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Consumers and Retailers, Here is How You Should Prepare for Black Friday and Cyber Monday

Consumers and Retailers, Here is How You Should Prepare for Black Friday and Cyber Monday

Shoppers across the country are preparing for what was originally a U.S. phenomenon, Black Friday and Cyber Monday. According to research from Adobe, Black Friday has become the UK’s biggest online shopping day of the holiday season, with online revenues predicted to reach £901 million tomorrow.

A few years ago holiday shopping mainly involved rushing around Oxford Street and elbowing people out of the way to grab the last shirt in your size for half price. However, nowadays bargain hunters have found a way around the chaotic experience that is real-life shopping, doing it online. Unfortunately, cyber criminals have caught on to this and will take advantage of the fact that “legitimate cardholders are sometimes turned away by tough, rule-based security measures, reducing customer satisfaction and sometimes driving the customer away. But during spike shopping events like Black Friday and Cyber Monday, retailers will lower their threshold for declines. Fraud costs retailers $9 billion every year but false positives cause over $180 billion in losses” explains Robert Capps, VP of business development at NuData Security.

Of course, there are all sorts of other different attack methods used by criminals, from phishing emails and fake websites to DDoS attacks aimed to financially hurt a company by knocking it offline and sending shoppers elsewhere.These attacks affect both consumers and retailers so we have compiled a list of top tips on how both groups can prepare for the event.

How Retailers Can Prepare for Black Friday and Cyber Monday

  1. Be Prepared for Extra Traffic – Lots of it       

“Take advantage of cloud strategies where possible. This allows you to burst and grow to meet demand and sustain possible cyber attacks without having to do much planning ahead of time. When the demand decreases, you can step out of the cloud and go back to normal footprints.” – Paul Calatayud, CTO at FireMon.

  1. Prepare an incident response and crisis management plan

“To avoid any unpleasant surprises, planning for key events like Black Monday should form part of a comprehensive risk strategy.  By reviewing fundamental cyber security controls recommend as part of schemes like PCI DSS and Cyber Essentials, plus conducting regular network and penetration testing, retailers can help to ensure that critical business periods do not end in financial and reputational disaster.” – Leon Pinkney, SOC services director at Redscan.

  1. Stop Bots and Shoplifters

“You’ll most likely experience a huge traffic spike on Cyber Monday, but some of that traffic can potentially spell trouble for your website. Nearly 50 percent of all web traffic comes from bots, including bad bots. Competitors and aggregators could be flooding your site with malicious bots to steal sensitive information and undercut your prices. But it’s not that simple. Scraper bots, for example, can be good for an e-commerce site because they help aggregate information for consumers. An intelligent website protection service is able to detect beneficial bots and block malicious bots.” – Joy Ma, security blogger for Imperva.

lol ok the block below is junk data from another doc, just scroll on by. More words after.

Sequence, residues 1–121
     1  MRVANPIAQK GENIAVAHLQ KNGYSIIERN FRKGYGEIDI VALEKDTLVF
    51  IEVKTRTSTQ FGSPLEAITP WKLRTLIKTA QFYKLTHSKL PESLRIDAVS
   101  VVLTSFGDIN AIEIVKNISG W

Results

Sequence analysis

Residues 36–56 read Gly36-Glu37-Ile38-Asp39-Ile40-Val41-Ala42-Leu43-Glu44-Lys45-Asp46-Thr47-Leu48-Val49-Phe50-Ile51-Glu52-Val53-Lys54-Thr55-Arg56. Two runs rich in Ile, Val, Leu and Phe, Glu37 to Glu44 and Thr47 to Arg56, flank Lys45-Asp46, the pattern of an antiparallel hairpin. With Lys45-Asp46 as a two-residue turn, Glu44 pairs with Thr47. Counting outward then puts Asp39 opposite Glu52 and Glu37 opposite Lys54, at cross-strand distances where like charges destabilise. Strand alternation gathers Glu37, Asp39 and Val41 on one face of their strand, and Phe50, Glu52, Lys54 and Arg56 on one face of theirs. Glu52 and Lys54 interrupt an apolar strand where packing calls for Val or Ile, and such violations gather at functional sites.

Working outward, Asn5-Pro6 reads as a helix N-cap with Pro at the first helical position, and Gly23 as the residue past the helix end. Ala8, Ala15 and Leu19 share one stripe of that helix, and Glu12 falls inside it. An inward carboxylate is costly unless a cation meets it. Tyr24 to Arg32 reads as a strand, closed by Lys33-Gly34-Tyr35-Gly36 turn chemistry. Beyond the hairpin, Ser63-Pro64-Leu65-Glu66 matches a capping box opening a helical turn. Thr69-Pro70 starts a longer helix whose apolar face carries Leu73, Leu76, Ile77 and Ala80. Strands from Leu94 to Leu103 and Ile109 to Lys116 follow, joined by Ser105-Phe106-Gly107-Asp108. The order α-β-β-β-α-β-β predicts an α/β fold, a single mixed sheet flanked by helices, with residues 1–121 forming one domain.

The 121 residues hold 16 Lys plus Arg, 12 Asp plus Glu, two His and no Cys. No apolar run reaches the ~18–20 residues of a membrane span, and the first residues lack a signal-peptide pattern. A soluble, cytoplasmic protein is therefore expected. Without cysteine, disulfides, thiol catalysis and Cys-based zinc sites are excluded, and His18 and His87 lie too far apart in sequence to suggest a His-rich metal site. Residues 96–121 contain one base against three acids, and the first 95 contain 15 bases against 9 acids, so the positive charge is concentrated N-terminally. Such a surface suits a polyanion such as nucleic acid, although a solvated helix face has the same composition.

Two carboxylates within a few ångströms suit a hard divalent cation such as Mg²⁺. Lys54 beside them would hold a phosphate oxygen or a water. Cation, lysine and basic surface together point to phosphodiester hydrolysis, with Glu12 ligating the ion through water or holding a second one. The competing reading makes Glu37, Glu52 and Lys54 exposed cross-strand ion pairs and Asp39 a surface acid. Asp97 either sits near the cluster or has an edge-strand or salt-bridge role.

How Consumers Can Prepare for Black Friday and Cyber Monday

  1. Don’t Rush to Get That Amazing Deal, Use Common Sense

“Take a breath and ask yourself ‘does this seem too good to be true’ or even does this actually apply to me? Do some research, make an enquiry of your own, if it is legit it will definitely still be available in an hour or two.” – Mark James, Security Specialist at ESET.

  1. Don’t Re-Use Passwords Across Different Sites

“We should be protecting the log in process. Neither the user nor the retailers can overcome zero day attacks that may steal data in a big breach – that’s down to technology suppliers. But, like in the recent Deliveroo attack, when an attacker shows up with a password from a totally separate breach that works on your site, then you’re defenceless because they’re coming in with what appears to be a legitimate path. The user can prevent this by using unique passwords for different services – or at least doing so for any service that may financially impact them. Where possible, use multi-factor or two-step authentication, which would render this sort of stolen password attack meaningless.” – Jonathan Sander, VP of Product Strategy at Lieberman Software.

  1. Watch Out For Phishing Emails

“Ask you have ever received an email from that particular store before. If you’ve never signed up for an email list or shopped there, be wary of how it got into their inbox. A common email campaign this time of year involves “shipping confirmations” from Hermes, DHL, Parcelforce, DPD, UPS, FedEx, and TNT that must be opened via a .zip attachment. DO NOT OPEN THIS ATTACHMENT. Big postal and package delivery services will never send you a postal confirmation in a .zip attachment. They will send it in the body of an email, or ask you to login to your account to view it.

You should also toggle over all of the URL links within the email. If Amazon sends you a Black Friday sale alert and there’s a link to a gadget, take two seconds to hold your mouse over the link before clicking. If it shows or, feel free to click on it. If it shows, Amazon didn’t send you that email. Don’t click on it.” – Jonathan French, a security analyst at AppRiver.

To conclude, Javvad Malik, Security Advocate at AlienVault explains that “the responsibility for protection is a combined effort with steps that both retailers and consumers should take.”

About Japonica Jackson

Japonica is head of editorial at IT Security Guru. If you'd like to get in touch with Japonica, please email